12. notabilia says:

    Excellent corrective comments from Jeff h and eventual.
    Like with all matters in the public spheres these days, it’s probably best to be unaligned and hostile to all: Schellenberger, Bendell, IPCC, Jeff Gibbs, Heartland Institute, Naomi Klein – just go down the lines of fantasists or pie-makers and curse a shot, corporate-owned chaos of yammering.
    Bendell makes a pretty poor rebuttal to the specific charges, saying nothing about the sea-level rise or methane gun demolition by the dutiful, classroom-bound gradgrinds of the anti-Bendell letter.
    Yet these earnest higher-ed “activists”make poor truth-tellers. They claim to be part of Extinction Rebellion, yet they don’t think there’s any extinction afoot. They claim all sorts of success for their “movement” of XR, toppling governments left and right, but that’s farcical. Nothing seems to have moved on the Mauno Loa observatory except more uptick in the CO2 needle. XR is not dedicated to “halting greenhouse gas emissions” – they all use phones, computers, wear shoes, all fossil-fuel produced products they have and will do nothing to “halt.”
    The three anti-doomists are not members of “the scientific community” – there is no such thing, it’s all balkanized and insufficient. Where is the sociology of existing social power in their bizarre claim to be able to organize a “revolution” to stop fossil fuel extraction and production?
    Julia Sternberger, evidently a mentor to these tyros, and thanked by name, penned a much different clarion call recently, calling forth the spirit of Rosa Luxembourg to rally all of humanity about this sort-of-emergency. Yeah, sure, that’ll do it.
    It’s RCP 6.5 at least, without a single mechanism in sight to lessen the damage from the common human urge to grab more. Thanks to ATTP for trying to highlight the opposing strains in this largest of global problems, but these have been dismal arguments on all sides.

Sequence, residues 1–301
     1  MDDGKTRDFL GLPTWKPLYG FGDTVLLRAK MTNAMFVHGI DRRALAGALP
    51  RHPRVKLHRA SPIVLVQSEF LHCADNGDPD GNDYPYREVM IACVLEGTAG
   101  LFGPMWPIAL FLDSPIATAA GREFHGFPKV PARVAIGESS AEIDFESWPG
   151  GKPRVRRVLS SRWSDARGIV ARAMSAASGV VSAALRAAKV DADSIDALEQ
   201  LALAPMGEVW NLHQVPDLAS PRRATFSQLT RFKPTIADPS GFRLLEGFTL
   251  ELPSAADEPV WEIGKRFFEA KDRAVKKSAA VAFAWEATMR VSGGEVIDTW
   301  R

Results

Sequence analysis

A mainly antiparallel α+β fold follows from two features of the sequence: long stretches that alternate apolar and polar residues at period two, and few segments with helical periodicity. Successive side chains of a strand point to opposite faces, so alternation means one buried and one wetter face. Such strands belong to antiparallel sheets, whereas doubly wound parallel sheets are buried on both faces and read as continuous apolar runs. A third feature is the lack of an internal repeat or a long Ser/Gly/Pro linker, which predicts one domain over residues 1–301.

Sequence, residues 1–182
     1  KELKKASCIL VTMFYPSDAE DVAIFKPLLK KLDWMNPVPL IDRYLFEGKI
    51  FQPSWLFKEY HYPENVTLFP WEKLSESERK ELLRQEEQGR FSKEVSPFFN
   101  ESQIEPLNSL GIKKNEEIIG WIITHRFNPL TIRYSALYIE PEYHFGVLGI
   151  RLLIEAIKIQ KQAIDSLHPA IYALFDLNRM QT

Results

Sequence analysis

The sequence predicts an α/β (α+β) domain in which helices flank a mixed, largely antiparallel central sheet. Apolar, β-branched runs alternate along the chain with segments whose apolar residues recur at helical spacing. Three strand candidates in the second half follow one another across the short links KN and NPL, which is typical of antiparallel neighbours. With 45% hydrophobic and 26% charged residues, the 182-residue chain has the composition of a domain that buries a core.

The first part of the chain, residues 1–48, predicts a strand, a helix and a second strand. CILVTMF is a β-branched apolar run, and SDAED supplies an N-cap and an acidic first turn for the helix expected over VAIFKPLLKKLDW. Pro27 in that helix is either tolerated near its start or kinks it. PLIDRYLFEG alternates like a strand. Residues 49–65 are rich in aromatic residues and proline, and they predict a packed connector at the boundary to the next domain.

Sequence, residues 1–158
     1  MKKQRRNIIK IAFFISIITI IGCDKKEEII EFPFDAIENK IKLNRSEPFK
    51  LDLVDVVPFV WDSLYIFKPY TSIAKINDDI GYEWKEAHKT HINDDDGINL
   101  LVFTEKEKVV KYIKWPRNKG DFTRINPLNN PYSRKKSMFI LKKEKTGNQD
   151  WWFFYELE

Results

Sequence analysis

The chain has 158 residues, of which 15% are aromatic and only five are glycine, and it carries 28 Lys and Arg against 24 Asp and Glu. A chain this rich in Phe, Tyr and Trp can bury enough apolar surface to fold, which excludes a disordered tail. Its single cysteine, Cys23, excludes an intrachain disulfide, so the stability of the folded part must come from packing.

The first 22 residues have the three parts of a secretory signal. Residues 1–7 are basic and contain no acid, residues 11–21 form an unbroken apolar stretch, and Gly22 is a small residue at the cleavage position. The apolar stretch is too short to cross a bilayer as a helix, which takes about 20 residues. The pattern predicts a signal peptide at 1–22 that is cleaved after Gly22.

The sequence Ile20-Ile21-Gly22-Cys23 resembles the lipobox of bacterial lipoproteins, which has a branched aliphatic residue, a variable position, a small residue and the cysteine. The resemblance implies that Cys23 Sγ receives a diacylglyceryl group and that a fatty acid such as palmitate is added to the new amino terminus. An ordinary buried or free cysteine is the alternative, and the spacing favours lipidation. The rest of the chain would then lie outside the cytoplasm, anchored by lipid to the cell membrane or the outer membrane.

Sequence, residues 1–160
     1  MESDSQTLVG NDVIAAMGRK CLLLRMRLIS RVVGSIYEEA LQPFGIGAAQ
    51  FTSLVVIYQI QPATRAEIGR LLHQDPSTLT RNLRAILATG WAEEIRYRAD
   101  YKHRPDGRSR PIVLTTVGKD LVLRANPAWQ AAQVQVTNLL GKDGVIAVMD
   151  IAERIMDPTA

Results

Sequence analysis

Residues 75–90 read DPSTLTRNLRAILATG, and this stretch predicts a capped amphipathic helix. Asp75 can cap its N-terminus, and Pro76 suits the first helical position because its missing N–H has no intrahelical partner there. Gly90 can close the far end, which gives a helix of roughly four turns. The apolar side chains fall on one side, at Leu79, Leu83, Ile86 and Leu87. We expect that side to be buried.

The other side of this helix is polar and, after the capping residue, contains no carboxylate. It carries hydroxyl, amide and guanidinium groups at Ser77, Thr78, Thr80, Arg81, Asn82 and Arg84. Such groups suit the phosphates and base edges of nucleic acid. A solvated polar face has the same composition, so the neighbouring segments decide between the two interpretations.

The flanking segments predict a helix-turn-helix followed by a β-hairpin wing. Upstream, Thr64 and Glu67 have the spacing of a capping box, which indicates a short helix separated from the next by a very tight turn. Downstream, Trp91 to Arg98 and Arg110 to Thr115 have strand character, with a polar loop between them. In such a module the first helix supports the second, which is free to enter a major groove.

13. Ben McMillan says:

    Some of the ideas of “deep adaption” that aren’t self-indulgent mournful navel-gazing actually seem pretty sensible.

    “… It brings us to a second area of this agenda, which I have named “relinquishment.” It involves people and communities letting go of certain assets, behaviours and beliefs where retaining them could make matters worse. Examples include withdrawing from coastlines, shutting down vulnerable industrial facilities, or giving up expectations for certain types of consumption. The third area can be called “restoration.” It involves people and communities rediscovering attitudes and approaches to life and organisation that our hydrocarbon-fuelled civilisation eroded. Examples include re-wilding landscapes, so they provide more ecological benefits and require less management, changing diets back to match the seasons, rediscovering non-electronically powered forms of play, and increased community-level productivity and support.”

    Not all of which I agree with, but certainly arguable.

  14. jacksmith4tx says:

    Anybody here ever read “Thinking, Fast and Slow” by Daniel Kahneman?
    His insight on human perceptions of risk and reward was inspired in part by the famous psychological ‘Marshmallow Test’, AKA delayed gratification which was later refined to 2 axioms:
    “System 1 operates automatically and quickly, with little or no effort and no sense of voluntary control”
    “System 2 allocates attention to the effortful mental activities that demand it, including complex computations”
    Everything about our consumer culture reinforces System 1 behavior and is why adaption will always be the preferred response to long term threats like climate change IMHO.

  15. Jack,
    Yes, I read that a couple of years ago.

  16. Willard says:


    Please acknowledge that you’re [fixed -W (2020-12-15)].

  17. Things seem good here in SW Washington. No concerns except too much heat, too many police and too much covid if I wander out and mix with the locals. Gas prices are down and campgrounds are open, so I am looking forward to getting out for camping trips as soon as I shade this darn cold that has me coughing and struggling with occasional fever spike and lots of aches and pains.